“Gewährung von Befreiungen und Vergünstigungen an Unternehmen, die mit Dienstleistungen auf dem Gebiet analytischer Tätigkeiten für die in der Bundesrepublik Deutschland stationierten Truppen der Vereinigten Staaten beauftragt sind”

Frontal 21 investigative reporters discovered that Germany’s governments issued permits to private-sector U.S. firms to spy on German soil at least as far back as August 2003, when the Foreign Office under Joschka Fischer (Green party) happened to create the earliest documentation found for this so far by publishing in the German Federal Gazette [Bundesgesetzblatt, BGB] some proposed amendments to what looks like a 2001 permit issued to the U.S.A.:

“Granting of exemptions and advantages to companies commissioned with services in the field of analytical activities for United States troops stationed in the Federal Republic of Germany” [Translation of the German BGB version.]

This English text from another news program might be a less-translated version closer to the original:

“Granting of exemptions and benefits to enterprises charged with providing services in the field of analytical activities to the United States Forces stationed in the Federal Republic of Germany”

The show’s reporters said they found a 2011 document saying the German government had issued spying licenses to 207 intelligence private-contractor companies that apparently have included, to name just a few, Booz Allen Hamilton, L3 Services Inc., Military Professional Resources Inc. (M.P.R.I.), Galaxy Scientific, The Analytic Sciences Corp. (T.A.S.C.), Science Applications International Corporation (S.A.I.C.), R4, Pluribus International, Bevilacqua Research Corp., Silverback, Information and Infrastructure Technologies (I.I.T.), Electronic Warfare Associates (?? E.W.A.), D.S.R. (?), General Dynamics, D.P.R.A. (?), Computer Sciences Corporation, CACI, GeoEye Analytics, Lockheed Martin. The 2011 document was mentioned because Germans were incensed by Chancellor Angela Merkel’s C.D.U./C.S.U. + F.D.P. coalition government’s claim that it only found out about Prism via the newspapers.

The Frontal 21 report opens with a local mayor’s delightful driving tour around an area called the Dagger Complex in the Hessian town of Griesheim, only 30 km from Frankfurt/Main. Frankfurt apparently has the world’s largest node for internet traffic, operated by a German company called De-Cix. A representative from De-Cix reminded the reporters that any U.S. companies involved with manufacture or operation of the Frankfurt node’s cables or computers could have been forced by U.S. law to violate German law and grant access to the data flowing through them, and ditto for Chinese companies and Chinese law, et cetera. The U.S. firm Level 3 Communications, apparently the world’s biggest data network operator, runs an important computer center for the Frankfurt node. (It said it runs five Germany data centers actually, in Berlin, Hamburg, Düsseldorf, Frankfurt/Main and Munich.) Frontal21 narrator: “Like all U.S. network operators, [Level 3] had to agree to let its data be saved off to America and to give American intelligence agencies access to it.” Commentary from pundit historian Josef Foschepoth concluded the report by saying post-W.W.II German law still provides some outdated protections to allied countries spying on German citizens in violation of German law. He said they used to call it the Alliertes Vorbehaltsrecht and now they’re calling it “legal obligations of the German government.”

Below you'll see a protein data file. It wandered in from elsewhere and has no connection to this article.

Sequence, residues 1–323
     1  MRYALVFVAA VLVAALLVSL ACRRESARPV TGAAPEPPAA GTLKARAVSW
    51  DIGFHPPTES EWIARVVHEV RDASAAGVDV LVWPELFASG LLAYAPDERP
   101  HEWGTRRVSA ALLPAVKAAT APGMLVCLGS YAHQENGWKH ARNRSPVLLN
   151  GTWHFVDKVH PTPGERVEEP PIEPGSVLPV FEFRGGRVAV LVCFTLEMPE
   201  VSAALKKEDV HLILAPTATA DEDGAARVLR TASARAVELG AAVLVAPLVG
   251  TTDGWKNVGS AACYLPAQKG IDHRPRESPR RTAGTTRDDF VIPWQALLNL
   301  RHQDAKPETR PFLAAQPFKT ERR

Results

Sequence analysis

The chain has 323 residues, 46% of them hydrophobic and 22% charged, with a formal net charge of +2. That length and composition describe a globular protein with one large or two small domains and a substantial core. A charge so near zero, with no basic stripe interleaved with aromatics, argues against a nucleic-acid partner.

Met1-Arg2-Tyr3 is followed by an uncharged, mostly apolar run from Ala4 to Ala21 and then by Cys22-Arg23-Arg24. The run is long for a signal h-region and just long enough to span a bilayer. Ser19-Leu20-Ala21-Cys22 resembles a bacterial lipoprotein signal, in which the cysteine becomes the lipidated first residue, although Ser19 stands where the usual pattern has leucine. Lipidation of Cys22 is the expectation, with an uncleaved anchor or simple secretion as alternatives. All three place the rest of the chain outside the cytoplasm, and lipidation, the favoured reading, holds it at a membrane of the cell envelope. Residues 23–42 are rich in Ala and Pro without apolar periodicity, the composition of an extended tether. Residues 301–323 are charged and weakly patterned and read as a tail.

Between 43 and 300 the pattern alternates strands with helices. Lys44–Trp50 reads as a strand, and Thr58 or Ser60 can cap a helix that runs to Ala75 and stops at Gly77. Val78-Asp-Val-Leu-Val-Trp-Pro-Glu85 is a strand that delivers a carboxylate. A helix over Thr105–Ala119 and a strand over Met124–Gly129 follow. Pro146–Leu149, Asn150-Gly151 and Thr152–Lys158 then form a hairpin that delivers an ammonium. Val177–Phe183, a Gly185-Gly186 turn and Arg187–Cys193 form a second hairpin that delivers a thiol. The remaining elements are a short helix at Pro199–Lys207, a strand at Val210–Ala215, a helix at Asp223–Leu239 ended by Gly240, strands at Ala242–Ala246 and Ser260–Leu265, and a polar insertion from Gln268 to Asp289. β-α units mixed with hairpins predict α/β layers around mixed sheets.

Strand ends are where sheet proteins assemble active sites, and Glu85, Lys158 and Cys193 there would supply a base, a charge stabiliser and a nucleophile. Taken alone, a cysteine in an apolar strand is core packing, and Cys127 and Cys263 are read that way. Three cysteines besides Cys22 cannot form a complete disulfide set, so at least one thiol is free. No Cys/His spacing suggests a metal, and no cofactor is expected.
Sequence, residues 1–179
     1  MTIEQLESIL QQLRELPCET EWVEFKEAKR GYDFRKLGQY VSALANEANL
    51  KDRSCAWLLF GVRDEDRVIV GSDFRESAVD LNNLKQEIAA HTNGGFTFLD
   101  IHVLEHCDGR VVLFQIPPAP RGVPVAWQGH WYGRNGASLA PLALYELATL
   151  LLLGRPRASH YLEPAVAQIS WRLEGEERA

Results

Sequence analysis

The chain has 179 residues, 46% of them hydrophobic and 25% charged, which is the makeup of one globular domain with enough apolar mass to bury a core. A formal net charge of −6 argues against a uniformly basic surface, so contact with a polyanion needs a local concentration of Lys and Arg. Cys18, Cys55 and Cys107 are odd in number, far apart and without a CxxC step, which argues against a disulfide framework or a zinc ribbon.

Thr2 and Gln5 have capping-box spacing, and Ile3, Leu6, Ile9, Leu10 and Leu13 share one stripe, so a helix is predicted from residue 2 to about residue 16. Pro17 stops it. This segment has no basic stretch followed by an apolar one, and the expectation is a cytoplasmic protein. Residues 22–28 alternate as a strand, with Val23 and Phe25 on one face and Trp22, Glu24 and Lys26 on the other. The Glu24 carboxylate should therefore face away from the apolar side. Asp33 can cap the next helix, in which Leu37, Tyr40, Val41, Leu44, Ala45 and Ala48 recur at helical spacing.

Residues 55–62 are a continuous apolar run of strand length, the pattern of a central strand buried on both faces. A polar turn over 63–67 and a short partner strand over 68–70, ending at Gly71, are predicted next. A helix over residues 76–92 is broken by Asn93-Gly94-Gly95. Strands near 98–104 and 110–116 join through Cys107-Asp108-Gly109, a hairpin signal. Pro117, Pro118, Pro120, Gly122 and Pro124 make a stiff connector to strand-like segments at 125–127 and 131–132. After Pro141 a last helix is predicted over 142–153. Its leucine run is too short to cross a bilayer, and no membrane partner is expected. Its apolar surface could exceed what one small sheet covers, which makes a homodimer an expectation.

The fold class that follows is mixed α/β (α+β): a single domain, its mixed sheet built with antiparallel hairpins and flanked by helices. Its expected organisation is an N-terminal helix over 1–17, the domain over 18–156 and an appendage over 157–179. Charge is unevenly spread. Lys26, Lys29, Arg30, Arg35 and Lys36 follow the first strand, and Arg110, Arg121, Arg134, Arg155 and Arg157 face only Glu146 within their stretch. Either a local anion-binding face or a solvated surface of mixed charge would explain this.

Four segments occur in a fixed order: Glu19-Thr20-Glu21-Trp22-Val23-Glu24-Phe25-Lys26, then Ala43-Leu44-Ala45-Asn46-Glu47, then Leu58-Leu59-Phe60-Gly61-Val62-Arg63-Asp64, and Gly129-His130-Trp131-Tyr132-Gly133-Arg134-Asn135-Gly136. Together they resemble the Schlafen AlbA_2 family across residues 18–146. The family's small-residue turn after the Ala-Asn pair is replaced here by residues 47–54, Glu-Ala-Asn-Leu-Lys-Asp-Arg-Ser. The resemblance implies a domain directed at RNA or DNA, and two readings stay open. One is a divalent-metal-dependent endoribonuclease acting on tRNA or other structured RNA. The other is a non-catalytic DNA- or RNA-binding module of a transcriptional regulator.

(Geh VARE oong   fon   beh FRYE oong en   oont   ferg IN stig oong en   on   oon ta NAME en,   dee   mitt   DEENST lye stoong en   ow! f   dame   geh BEET   on oll it ish ah   TATE ichh kite en   foor   dee   in   dare   BOOND ess ray poob leek   DEUTSCHLAND   shtah tee own EAR ten   TROOP en   dare   fare EYE nichh ten   SHTOT en   beh OW! f trog t   zint.)

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